Review: The seven deadly sins of bad art friendship, explored in a debut novel

A man's headshot
Andrew Lipstein chronicles a literary zero-sum game in “The Last Resort.”
(Courtesy of Andrew Lipstein)

On the Shelf

Last Resort

By Andrew Lipstein
FSG: 304 pages, $27

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Ah, the sting for a writer when someone (not you) publishes a book. More grating still if it’s somehow wildly successful — especially if it isn’t very good. Pangs of literary envy can run so deep, take on so many flavors, that they spawn new literature. In nonfiction, these were recently explored in the New York Times magazine piece about the “bad art friend,” in which one woman appropriates the story of an acquaintance, which leads to lawsuits and the kind of public acrimony that made us all wonder: Who owns what? What is writing for? How do we decide what’s fair?

A new entrant in this conversation is the savvy but maddening “Last Resort,” Andrew Lipstein’s almost perfectly plotted debut novel on a topic — creative envy and artistic theft — that tastes like catnip to many readers of literary fiction. Unfortunately, it’s all brought down by a fatal flaw: its characters.

Whereas the New York Times piece concerned an organ donor with a savior complex, a chain of ugly text messages and a catty writer’s group, the nut of Lipstein’s novel is a foursome spearheaded by a woman with terminal cancer on a Greek island with two ad execs from New Jersey. And in place of the careful balance of shade and empathy maintained in “Bad Art Friend,” we have a pile-on of bad-taste friends not even drawn sharply enough to evoke dark amusement.

Our guide through all this mess is Caleb, the kind of neurotic but preening New Yorker who feels the need to tell us, “As a point of pride I still took the subway when I could.” He’s also the kind who, inexplicably, considers Maxim magazine a cultural touchstone years after anyone last said its name out loud. Here’s a typically useless Caleb observation: “Money does wonders, doesn’t it? Have enough and you can bring any artistic vision to life. But it can also be blinding, it can distract you from what you actually want, what’s worth having.”


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Caleb worked really hard on an unpublishable novel. He is about to start a second when he meets up with an old college bud, Avi, who makes the mistake of telling Caleb about this crazy tryst he had on a Greek island — a story Avi intends to turn into fiction. Avi “played tennis, was an editor on the literary magazine, was generally considered quite attractive — he looked a bit like James Dean if James Dean was a bit inbred[.]” Yes, inbred. I guess we could fault Caleb for this aperçu, but in a novel that purports to be about the slippery idea of authorship, let’s blame Lipstein. Caleb proceeds, of course, to steal Avi’s story.

Still flatter than these friends is the crude caricature of literary power, super-agent Ellis Buford, with whom Caleb has four Manhattans during a meeting that cements the publication of his tainted tale. Maybe it will get Caleb on Terry Gross, or even Seth Meyers?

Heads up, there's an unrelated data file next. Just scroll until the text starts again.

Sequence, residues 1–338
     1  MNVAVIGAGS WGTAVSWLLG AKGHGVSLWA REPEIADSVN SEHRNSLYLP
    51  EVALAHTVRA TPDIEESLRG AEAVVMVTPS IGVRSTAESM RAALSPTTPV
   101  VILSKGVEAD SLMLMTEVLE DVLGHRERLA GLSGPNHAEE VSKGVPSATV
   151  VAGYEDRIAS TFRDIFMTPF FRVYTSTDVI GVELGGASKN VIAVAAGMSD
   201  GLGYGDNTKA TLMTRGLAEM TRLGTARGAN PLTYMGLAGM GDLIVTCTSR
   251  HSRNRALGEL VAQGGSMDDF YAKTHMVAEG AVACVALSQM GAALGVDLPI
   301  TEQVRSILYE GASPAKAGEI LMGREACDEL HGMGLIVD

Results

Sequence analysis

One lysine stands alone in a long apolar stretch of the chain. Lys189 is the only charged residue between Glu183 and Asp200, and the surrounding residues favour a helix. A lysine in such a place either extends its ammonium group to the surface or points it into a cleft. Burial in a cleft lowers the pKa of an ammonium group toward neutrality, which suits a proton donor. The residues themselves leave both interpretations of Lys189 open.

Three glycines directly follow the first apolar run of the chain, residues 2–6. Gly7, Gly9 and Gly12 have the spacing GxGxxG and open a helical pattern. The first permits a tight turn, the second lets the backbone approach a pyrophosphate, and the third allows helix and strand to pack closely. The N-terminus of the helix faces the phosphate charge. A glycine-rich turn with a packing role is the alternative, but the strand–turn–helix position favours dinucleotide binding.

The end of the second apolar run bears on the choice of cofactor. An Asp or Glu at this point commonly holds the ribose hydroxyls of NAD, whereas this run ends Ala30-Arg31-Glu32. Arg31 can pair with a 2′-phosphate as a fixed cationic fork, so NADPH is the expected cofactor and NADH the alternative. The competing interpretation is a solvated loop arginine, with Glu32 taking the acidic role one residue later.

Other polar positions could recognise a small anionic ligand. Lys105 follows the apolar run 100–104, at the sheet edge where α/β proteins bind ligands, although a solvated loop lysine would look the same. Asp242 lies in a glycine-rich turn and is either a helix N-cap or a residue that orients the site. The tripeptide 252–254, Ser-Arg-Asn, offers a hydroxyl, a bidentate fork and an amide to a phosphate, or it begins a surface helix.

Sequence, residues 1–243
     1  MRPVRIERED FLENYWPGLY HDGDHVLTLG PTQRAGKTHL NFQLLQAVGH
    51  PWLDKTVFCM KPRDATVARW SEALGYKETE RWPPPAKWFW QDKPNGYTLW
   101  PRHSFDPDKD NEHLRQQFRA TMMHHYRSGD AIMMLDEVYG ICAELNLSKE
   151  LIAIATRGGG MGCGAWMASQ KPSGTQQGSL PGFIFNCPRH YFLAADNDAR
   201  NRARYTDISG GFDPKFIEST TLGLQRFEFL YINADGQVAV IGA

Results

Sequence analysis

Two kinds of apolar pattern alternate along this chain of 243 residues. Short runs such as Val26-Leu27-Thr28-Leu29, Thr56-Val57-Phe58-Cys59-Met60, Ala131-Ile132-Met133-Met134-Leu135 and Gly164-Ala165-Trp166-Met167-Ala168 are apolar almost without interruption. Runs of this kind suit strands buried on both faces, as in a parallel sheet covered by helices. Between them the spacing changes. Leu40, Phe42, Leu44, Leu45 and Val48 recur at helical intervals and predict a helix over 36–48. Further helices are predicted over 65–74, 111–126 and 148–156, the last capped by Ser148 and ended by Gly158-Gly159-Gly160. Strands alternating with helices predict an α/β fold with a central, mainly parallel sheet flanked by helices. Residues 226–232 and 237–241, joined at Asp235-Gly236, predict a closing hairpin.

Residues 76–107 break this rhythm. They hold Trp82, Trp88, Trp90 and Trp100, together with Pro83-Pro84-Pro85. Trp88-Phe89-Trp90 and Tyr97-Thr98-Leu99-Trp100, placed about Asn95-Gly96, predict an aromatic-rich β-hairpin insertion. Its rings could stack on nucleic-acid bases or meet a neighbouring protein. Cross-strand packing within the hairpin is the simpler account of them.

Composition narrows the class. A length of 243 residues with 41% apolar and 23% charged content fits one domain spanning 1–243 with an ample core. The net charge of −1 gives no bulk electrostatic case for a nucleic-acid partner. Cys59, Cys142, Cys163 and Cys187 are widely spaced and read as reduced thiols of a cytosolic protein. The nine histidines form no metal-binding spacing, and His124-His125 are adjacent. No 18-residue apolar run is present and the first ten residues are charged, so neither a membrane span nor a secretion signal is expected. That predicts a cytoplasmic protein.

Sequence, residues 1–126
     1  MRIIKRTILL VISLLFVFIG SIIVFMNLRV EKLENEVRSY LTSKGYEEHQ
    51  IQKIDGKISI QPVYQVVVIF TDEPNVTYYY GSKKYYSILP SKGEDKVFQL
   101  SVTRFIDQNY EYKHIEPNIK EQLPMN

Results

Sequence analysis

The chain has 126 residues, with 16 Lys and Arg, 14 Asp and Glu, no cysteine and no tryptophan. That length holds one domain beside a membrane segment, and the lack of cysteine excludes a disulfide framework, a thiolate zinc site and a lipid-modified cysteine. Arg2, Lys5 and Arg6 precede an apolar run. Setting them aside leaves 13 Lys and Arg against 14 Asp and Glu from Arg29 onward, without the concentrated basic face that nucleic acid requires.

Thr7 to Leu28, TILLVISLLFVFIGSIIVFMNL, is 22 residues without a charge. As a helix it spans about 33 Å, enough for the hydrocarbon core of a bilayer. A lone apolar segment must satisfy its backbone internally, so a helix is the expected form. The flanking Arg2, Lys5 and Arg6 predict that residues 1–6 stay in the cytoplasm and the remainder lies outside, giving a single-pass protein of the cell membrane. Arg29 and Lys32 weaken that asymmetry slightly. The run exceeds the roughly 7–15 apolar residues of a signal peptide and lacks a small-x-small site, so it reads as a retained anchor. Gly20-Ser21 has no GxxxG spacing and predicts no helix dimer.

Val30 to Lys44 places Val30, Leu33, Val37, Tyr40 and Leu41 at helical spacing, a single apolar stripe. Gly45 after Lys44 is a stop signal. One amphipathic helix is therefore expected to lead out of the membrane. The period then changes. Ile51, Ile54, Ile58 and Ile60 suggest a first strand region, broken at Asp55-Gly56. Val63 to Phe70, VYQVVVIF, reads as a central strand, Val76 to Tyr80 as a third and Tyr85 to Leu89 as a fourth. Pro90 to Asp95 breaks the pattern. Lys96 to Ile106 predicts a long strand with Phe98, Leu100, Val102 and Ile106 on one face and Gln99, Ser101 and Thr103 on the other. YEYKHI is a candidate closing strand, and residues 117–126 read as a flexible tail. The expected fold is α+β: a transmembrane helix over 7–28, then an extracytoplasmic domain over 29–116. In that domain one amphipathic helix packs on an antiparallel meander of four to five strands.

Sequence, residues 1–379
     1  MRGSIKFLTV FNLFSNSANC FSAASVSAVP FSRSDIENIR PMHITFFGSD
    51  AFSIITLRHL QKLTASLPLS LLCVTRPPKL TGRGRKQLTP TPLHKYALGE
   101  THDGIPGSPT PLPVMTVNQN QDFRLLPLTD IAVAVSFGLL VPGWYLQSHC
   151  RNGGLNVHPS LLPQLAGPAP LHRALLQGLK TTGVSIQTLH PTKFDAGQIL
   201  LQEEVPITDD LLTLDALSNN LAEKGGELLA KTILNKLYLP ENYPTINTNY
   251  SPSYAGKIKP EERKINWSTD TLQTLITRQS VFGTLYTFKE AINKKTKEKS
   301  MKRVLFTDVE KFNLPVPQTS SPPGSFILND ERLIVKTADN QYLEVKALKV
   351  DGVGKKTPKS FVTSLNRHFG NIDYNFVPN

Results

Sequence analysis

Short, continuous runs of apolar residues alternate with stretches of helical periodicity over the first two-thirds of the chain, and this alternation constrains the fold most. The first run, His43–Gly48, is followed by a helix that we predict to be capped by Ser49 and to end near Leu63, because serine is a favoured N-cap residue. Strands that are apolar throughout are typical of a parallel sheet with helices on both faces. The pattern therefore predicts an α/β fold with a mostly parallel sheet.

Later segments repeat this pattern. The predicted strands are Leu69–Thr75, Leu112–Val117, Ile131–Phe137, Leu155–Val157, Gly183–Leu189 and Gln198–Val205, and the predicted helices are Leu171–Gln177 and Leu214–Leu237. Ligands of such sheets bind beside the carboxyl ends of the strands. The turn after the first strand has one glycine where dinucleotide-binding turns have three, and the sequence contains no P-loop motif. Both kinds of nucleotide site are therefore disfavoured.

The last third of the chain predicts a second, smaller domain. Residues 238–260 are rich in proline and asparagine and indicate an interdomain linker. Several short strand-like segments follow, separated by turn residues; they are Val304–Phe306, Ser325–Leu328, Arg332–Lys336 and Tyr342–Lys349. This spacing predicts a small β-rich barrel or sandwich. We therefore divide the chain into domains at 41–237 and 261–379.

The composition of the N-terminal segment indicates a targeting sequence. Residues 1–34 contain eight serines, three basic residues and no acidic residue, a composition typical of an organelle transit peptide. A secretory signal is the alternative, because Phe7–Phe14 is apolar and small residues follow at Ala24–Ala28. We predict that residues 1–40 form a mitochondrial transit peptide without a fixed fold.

“Something in me disliked this kind of talk,” Caleb says, “made me feel I should cling to the purity of Art when confronted with the vulgarities of Commerce, but another instinct, a better instinct, made me exhale, sit forward in my chair, put my elbows on the table, and listen intently as this man considered my book in much the same way he considered our waitress as she set down our drinks.”

On the level of character, we are in for far more of the same: broad types making inane observations we are perhaps meant to sneer at. (If not, more’s the pity.) And yet the novel is so easy to read. Ellis sells the book; Avi finds out. He is, no lie, microdosing, and guess what: He wants revenge. “My intent is for justice to be served,” he tells Caleb, who reacts viciously and shortsightedly: “I could only think about minimizing my loss, preventing Avi from taking what was mine — not what I actually wanted.”

Everything hurtles toward a queasy conclusion. Caleb’s novel succeeds wildly, but in case you don’t hate him enough, he also gets a big payout after working at a startup for two months. He’d probably blow some of the advance on a Bored Ape Yacht Club watch.

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His girlfriend Sandra feels like the only real person when, exasperated by another of Caleb’s childish outbursts, she says: “[E]veryone’s principles have a price. That’s why they’re called principles. To be completely honest, it sounds like you’re only protecting yourself from what you actually want.” She sets the wheels in motion toward a more strategic response to Avi’s challenge and a conclusion in which everybody wins and everyone loses.

What to say about a book that’s so infuriating but has one of the best endings in recent memory? Without giving too much away, Caleb has put all his eggs in one basket. He’s sitting on a plane, bound for a country he’s never been to, and everything seems to have gone terribly wrong. You’ll think about the possibilities for weeks after you read the last pages.

“It was why she was worth capturing, why I felt what I did when I was with her; she had something I was missing, something I’d spent all this time trying to get closer to: a life that didn’t need to survive itself,” Caleb thinks. It’s not about Sandra, but it is about the true story behind the competing fictions. “I’d found more than a character, I’d found one who lived off the page, somehow who might even make me that way too.”

Come for the idea, stay for the plot, try to ignore the characters, savor that conclusion. And pray that, in the future, Lipstein finds a way to populate his spellbinding stories with characters who can live off the page.

Deuel is the author of “Friday Was the Bomb: Five Years in the Middle East.”

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